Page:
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A woman from Georgia visiting a California beach with her family died Saturday morning after strong waves hit them, the San Luis Obispo County Sheriff's Office confirmed.
Brindha Shunmuganathan, 39, and her two children were at Pismo Beach when a large wave around 9 a.m. knocked them down, authorities said.
According to police, Shunmuganathan and her family stayed in a nearby hotel while on vacation. They decided to go to the beach, and a large wave came up while taking pictures and knocked them down.
Fox26 News reported that family members rescued the two children; however, the mother was stuck on a rock bed and continuously hit by oncoming waves.
Bystanders who saw the event pulled Shunmuganathan from the waters and attempted to save her by doing CPR, police said. The Pismo Beach Police Department told USA TODAY officers arrived at the scene about 9:11 a.m. Saturday, where they tried to save Shunmuganathan.
After several attempts, she was pronounced dead at the scene by medics who came moments later, police said. The San Luis Obispo County Sheriff's Office said investigators are waiting for an autopsy to determine Shunmuganathan's cause of death.
Staying safe from massive California waves
This week, the West Coast is expected to experience a swell with big waves and coastal flooding. The strong El Niño pattern in the Pacific Ocean is causing hazardous waves up to 16 feet in size to return to the California coast.
The National Weather Service advises people to stay safe from the ocean. Deadly waves can surge up the beach by at least 150 feet. Experts say it's important to avoid standing on logs on the beach, as large waves can roll or lift these hefty, water-soaked logs, posing a severe safety risk.
Patrick Barnard, a research geologist at the U.S. Geological Survey's Pacific Coastal Marine Science Center in Santa Cruz, previously told USA TODAY the ocean has risen by approximately 10 inches over the last century along the West Coast, and this trend is gaining momentum.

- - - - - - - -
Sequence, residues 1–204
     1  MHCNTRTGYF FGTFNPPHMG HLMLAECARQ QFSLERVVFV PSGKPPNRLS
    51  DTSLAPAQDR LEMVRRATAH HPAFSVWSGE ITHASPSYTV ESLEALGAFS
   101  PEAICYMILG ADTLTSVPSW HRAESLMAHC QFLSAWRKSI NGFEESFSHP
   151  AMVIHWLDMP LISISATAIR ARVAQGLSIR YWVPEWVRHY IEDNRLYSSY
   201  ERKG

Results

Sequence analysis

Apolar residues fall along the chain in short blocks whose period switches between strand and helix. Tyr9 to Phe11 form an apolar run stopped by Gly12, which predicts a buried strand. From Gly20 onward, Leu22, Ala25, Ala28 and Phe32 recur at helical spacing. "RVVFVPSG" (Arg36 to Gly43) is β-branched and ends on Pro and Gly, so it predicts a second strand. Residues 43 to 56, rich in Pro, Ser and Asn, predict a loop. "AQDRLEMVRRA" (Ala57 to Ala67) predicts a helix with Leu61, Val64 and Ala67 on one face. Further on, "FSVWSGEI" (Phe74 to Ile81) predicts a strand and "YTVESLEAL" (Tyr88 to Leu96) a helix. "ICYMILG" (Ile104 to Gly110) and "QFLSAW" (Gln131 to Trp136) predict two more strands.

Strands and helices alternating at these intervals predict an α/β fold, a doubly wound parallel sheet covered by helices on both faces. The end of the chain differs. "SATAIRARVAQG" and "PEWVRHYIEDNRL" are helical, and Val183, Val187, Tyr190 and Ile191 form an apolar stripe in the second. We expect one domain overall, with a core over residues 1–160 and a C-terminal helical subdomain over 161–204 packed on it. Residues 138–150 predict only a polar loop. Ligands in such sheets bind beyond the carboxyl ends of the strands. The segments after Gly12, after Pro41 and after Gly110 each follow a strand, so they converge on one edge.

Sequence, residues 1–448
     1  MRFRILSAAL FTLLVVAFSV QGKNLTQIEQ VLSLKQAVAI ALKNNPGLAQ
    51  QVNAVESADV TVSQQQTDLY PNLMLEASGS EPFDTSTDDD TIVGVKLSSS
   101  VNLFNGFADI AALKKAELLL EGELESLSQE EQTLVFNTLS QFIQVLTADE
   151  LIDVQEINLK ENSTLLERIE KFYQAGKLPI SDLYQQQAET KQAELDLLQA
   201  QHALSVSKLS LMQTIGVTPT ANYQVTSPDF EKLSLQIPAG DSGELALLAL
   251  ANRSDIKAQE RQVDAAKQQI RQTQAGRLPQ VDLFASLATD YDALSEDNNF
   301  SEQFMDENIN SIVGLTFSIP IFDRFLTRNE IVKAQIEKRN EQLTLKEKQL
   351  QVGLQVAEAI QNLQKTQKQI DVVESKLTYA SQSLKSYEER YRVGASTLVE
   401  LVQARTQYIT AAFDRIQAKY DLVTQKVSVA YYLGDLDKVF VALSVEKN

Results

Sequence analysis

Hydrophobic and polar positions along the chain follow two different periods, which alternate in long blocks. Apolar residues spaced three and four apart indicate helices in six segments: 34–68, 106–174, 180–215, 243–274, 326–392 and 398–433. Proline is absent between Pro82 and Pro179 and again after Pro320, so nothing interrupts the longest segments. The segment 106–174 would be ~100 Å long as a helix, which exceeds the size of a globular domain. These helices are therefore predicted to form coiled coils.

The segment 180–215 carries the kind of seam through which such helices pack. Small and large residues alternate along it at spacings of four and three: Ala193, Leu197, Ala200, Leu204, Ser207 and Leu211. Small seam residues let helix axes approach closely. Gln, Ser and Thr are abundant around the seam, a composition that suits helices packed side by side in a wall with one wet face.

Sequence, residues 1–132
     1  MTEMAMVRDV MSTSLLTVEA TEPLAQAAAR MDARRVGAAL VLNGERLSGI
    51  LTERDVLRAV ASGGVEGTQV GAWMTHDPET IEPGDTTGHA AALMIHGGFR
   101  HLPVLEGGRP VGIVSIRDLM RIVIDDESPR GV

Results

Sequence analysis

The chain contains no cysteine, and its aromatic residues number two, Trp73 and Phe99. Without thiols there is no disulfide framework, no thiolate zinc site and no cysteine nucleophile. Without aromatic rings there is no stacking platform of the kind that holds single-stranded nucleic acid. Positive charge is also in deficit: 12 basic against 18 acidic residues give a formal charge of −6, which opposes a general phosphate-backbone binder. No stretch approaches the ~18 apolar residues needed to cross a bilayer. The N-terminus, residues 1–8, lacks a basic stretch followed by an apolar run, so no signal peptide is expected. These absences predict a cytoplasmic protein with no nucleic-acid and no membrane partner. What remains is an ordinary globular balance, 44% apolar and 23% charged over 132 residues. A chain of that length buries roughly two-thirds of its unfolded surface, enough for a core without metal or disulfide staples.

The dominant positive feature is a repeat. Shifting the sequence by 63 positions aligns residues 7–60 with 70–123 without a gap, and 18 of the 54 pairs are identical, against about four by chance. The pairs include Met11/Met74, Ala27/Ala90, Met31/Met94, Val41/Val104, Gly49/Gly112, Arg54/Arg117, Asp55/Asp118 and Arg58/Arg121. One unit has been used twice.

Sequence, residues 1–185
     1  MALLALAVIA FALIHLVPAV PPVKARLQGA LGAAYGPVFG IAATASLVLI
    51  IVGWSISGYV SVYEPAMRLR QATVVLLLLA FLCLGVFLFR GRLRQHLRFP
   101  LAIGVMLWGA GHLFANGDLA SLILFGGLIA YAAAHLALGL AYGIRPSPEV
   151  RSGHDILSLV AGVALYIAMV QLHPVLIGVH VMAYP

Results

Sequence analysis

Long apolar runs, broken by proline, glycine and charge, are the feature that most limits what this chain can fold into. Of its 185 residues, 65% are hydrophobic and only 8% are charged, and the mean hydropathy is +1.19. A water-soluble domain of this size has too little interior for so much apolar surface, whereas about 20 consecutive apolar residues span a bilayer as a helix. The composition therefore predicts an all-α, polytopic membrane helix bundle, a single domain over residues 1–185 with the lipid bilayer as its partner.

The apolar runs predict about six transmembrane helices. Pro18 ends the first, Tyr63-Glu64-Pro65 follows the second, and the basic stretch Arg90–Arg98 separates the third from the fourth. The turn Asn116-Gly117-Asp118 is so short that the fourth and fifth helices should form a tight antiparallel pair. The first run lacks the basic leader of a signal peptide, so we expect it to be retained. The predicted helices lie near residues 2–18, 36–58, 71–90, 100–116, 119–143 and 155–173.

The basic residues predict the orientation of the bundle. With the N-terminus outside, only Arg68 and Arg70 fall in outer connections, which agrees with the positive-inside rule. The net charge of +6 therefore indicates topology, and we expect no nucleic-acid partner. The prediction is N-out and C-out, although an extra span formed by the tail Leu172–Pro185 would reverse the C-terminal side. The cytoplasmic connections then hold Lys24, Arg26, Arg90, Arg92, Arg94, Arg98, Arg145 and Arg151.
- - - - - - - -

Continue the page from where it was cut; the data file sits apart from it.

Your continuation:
"We're riding on a higher baseline when these larger waves come in, so you tend to have larger coastal impacts, more erosion, and more flooding," Barnard said.
Other recent California waves
On Dec. 30, 2023, The Ventura County Fire Department issued an evacuation warning for some residences bordering Pacific Coast Highway, due to high surf impacting structures in the area.
The recent waves caused significant damage to government buildings in Ventura County, led to erosion of beaches, and resulted in numerous water rescues throughout the state. According to coastal experts and meteorologists who spoke with USA TODAY, the waves are most likely low-frequency, gravity-induced waves originating from offshore, which create a massive runup due to the rough surf and high water conditions.
At least eight people were injured last week in Ventura County when a rogue wave jumped a seawall and cleared out cars and people in its path.
This article originally appeared on USA TODAY: Rogue California wave kills Georgia woman visiting Pismo Beach